With the Minneapolis Star Tribune in bankruptcy, employees have started a grass-roots effort to save the paper. A group has launched a Facebook group (1,280 members, but only one discussion post since Jan. 17), a website (inactive as of this morning) and plans to hand out paper hats and scorecards at the Twins’ home opener. It’s probably going to take more than that.

If you like Chicago Sun-Times columnist Richard Roeper, you probably won’t after reading this egotistical, self-indulgent monument to himself. If this is how newspaper columnists regard their own celebrity, it’s no surprise readers are turning elsewhere. But there are a couple of good anecdotes that illustrate how divorced these scribes are from their readers.

Google CEO Eric Schmidt will keynote the Newspaper Association of America national convention in San Diego this week. Schmidt, who is often considered the great Satan by newspaper publishers, has nevertheless been a vocal proponent of the need to help the industry.  It should be an interesting encounter. Schmidt is scheduled to speak on Tuesday at 10 a.m. PDT. You can listen to his remarks live. NAA will offer a moderated “Cover it Live” discussion on its PressimeNow! blog, where visitors can pose questions, share their thoughts and get live reactions from attendees.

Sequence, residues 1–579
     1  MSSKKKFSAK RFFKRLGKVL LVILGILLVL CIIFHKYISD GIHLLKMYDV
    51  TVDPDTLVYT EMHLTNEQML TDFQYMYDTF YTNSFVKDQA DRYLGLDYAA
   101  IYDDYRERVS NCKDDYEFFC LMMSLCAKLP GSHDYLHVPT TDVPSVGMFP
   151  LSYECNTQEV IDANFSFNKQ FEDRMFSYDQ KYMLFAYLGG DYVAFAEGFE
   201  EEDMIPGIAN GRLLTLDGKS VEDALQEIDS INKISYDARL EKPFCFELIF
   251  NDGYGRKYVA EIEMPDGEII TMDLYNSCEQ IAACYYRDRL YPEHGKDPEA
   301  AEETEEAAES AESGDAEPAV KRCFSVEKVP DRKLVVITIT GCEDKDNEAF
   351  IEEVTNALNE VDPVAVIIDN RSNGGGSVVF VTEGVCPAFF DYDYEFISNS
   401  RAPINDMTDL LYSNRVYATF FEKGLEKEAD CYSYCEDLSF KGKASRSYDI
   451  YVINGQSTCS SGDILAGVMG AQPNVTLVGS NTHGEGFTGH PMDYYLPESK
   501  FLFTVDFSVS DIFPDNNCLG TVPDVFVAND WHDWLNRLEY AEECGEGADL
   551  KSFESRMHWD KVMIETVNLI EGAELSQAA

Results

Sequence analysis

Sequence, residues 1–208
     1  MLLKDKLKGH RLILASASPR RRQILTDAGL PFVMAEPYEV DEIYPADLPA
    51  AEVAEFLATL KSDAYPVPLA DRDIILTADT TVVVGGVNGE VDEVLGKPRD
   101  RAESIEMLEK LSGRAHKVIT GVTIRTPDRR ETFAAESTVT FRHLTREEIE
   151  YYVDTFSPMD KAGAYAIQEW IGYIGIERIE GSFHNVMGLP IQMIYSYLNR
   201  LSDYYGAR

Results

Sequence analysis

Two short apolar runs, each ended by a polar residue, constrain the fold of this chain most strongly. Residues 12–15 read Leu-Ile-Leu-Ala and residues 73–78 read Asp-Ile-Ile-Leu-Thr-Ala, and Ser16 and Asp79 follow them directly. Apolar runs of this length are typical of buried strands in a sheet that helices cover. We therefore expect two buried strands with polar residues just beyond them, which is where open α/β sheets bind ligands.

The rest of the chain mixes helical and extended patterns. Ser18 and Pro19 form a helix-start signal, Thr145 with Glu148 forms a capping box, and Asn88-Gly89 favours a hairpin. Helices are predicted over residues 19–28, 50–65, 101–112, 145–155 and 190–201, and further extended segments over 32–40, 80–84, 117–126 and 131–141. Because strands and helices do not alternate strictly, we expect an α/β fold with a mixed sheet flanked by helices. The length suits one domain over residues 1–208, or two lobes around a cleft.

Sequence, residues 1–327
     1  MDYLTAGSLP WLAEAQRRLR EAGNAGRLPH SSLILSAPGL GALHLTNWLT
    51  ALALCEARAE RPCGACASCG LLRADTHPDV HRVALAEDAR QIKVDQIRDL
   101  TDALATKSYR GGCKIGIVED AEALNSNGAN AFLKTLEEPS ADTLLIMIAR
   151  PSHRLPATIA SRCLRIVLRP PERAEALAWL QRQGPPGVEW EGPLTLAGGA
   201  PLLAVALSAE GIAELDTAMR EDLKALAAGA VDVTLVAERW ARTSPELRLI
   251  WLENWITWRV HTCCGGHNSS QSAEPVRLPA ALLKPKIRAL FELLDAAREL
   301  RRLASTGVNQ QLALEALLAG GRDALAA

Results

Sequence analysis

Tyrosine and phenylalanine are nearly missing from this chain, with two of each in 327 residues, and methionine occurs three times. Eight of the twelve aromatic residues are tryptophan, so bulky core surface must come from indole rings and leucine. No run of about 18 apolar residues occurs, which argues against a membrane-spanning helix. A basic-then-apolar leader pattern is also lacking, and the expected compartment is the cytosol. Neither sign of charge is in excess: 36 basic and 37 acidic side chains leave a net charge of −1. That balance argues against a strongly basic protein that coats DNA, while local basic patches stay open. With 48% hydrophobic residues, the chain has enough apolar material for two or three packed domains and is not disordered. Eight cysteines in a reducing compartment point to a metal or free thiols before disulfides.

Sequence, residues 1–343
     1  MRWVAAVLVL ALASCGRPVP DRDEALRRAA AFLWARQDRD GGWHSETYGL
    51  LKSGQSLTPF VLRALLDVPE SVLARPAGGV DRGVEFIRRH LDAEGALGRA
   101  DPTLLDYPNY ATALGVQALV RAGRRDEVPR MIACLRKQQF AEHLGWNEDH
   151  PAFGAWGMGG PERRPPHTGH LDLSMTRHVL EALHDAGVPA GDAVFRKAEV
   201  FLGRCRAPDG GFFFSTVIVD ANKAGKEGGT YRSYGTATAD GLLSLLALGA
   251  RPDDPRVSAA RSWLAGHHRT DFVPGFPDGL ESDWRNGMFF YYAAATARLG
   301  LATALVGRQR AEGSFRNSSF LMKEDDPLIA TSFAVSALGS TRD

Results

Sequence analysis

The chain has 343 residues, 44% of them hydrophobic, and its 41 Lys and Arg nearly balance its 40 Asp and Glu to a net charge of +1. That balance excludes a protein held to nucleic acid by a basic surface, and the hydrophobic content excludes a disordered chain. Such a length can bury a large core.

The Sun-Times Media Group is considering ending publication of some of its suburban newspapers as it struggles to emerge from its recently declared bankruptcy.

A.H. Belo Corp., owner of the Dallas Morning News and three other daily newspapers, will cut employee salaries next month and suspend a retirement supplement to pension plan participants next year. Cuts will range from 2.5% to 15%, depending on an employee’s salary. The company’s CEO will also take a 20% cut in pay.